Table 1. Features identified as important for the adaptive management of natural resources and the ways in which they are linked to social network structure.

  

Feature   Link to social network structure
Social memory  
Collective memory/experiences to be used in times of change and uncertainty (e.g., McIntosh 2000, Folke et al. 2003). Reachability: access to many individuals

  Density: many links to others in the network.

 
Heterogeneity
A diversity of many types of actors or actors with differing knowledge will broaden the collective knowledge base and increase the capacity for innovation and maintenance of different knowledge systems and frameworks for interpretation (Folke et al. 2005).   Betweenness/modularity: A certain degree of separation of groups in the network is needed to maintain heterogeneity.

  Density: High density may have a negative effect on heterogeneity because it promotes homogeneity of experience and attitudes among actors and reduces the potential for innovation (e.g., Reagans and McEvily 2003, Oh et al. 2004).

 
Redundancy
Provides buffering capacity in case of loss, i.e., if one or more actors are weakened or lost, others can fill the position and continue to perform the management function (Janssen et al. 2006).   Density: Many links makes the loss of single actors less disruptive, with a lesser effect on the average distance in the network.

  Betweenness/modularity: A high degree of betweenness of single actors makes the network vulnerable to fragmentation should these actors disappear (Borgatti 2003).

 
Learning
Knowledge about ecosystems can be continuously increased and improved, and thereby governance and management can be updated and adapted to changing conditions (Holling 1978).   Betweenness/modularity: Maintenance of strong links within a group to some extent requires high modularity (Granovetter 1973), and strong links are needed to transfer tacit knowledge (e.g., Reagans and McEvily 2003 and references therein) and complex knowledge, i.e., knowledge that involves interpretation of a number of nonlinear and noncausal variables.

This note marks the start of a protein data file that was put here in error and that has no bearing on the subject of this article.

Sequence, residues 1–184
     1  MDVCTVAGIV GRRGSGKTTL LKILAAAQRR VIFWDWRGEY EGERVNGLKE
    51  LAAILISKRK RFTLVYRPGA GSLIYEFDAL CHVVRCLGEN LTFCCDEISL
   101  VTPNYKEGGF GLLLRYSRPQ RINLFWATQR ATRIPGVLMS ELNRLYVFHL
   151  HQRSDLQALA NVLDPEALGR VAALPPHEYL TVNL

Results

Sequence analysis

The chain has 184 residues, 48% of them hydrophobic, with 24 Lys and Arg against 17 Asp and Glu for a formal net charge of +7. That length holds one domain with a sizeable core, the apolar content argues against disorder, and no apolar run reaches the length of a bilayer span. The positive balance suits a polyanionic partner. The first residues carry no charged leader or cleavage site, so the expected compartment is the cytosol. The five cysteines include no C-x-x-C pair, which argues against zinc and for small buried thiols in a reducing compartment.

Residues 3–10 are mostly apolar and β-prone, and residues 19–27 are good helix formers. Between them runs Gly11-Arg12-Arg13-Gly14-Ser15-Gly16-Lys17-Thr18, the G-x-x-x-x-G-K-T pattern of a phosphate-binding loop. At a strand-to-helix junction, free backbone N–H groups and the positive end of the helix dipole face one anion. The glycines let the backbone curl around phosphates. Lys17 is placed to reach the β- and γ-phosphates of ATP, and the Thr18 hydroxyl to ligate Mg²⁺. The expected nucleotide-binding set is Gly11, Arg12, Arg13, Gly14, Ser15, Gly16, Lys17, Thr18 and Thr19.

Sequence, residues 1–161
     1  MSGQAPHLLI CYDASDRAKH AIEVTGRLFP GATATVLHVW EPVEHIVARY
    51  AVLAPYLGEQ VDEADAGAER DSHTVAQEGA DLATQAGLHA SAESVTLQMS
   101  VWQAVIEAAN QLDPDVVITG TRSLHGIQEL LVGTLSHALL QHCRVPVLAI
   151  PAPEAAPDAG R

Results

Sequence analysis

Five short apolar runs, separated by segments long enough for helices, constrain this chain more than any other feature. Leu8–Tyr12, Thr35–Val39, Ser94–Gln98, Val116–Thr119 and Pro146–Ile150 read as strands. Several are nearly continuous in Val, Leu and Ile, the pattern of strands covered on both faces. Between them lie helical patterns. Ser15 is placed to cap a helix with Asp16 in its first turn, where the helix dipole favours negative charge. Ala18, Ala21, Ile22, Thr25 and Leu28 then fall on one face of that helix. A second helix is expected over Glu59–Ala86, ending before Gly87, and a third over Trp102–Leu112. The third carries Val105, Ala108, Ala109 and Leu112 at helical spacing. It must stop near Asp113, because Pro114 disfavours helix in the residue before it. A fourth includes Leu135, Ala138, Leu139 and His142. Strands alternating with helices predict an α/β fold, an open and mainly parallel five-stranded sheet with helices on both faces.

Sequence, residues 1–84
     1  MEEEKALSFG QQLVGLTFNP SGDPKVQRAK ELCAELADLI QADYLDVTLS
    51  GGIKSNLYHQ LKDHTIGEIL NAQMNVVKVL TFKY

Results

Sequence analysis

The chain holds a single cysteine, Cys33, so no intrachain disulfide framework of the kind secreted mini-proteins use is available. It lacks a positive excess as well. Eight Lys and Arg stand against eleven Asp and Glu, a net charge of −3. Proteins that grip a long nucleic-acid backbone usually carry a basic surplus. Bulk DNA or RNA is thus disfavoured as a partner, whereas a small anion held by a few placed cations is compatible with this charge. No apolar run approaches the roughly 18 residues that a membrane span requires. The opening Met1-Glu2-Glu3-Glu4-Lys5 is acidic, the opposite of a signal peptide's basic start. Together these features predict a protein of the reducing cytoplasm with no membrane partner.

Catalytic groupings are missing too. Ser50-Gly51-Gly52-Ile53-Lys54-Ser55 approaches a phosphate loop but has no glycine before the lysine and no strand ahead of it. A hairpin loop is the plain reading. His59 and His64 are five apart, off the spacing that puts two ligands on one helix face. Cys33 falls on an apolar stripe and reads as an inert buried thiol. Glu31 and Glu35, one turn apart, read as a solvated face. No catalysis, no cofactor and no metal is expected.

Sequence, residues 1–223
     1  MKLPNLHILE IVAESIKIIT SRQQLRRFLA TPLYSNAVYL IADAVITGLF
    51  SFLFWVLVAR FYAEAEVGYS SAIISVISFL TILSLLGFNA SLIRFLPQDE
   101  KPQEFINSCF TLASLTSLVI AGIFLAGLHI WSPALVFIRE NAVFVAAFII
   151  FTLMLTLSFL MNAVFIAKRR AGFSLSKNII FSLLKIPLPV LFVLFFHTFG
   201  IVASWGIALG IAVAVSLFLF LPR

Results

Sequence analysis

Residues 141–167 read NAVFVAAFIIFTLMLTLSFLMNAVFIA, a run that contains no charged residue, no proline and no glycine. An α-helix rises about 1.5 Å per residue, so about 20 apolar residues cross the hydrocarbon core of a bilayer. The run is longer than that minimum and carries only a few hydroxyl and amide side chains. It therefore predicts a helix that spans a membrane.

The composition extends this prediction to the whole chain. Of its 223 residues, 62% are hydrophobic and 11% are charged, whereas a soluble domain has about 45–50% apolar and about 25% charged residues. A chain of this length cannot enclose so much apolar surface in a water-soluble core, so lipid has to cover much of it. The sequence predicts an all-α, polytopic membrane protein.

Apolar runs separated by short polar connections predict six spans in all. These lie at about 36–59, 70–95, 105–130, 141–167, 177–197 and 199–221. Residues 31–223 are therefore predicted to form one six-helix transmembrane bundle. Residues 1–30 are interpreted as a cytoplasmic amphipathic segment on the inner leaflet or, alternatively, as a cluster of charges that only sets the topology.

Reachability: access to many actors from whom knowledge and information can be amassed or to whom it can be distributed (e.g., Oh et al. 2004).

  Centrality: A high degree of centrality may give rise to centralized management and thereby fewer experiments and experiential learning (Leavitt 1951, Shaw 1981).

 
Adaptive capacity
New knowledge and/or changing conditions require adaptive capacity and innovation to meet new needs (e.g., Gunderson 1999, Walker et al. 2004 for a discussion on adaptive capacity, resilience, reorganization, and novelty).   Reachability: Collective action requires multiple actors to collaborate, but too much decentralization may have negative effects on the potential for collective action (Steel and Weber 2001).

  Centrality: Coordination ability, which is important in times of change and rapid response, increases with centrality (Leavitt 1951).

  Density: Too many links to others may lock an actor into a political position because of, e.g., peer-pressure, thereby limiting his/her ability to innovate and act (e.g., Frank and Yasumoto 1998).

 
Trust
Co-management is facilitated by trust among actors (e.g., Olsson 2003).   Density: Many links foster feelings of belonging and group identity (Coleman 1990).

  Betweenness/modularity: A high degree of separation among groups can undermine the development of trust (Borgatti and Foster 2003).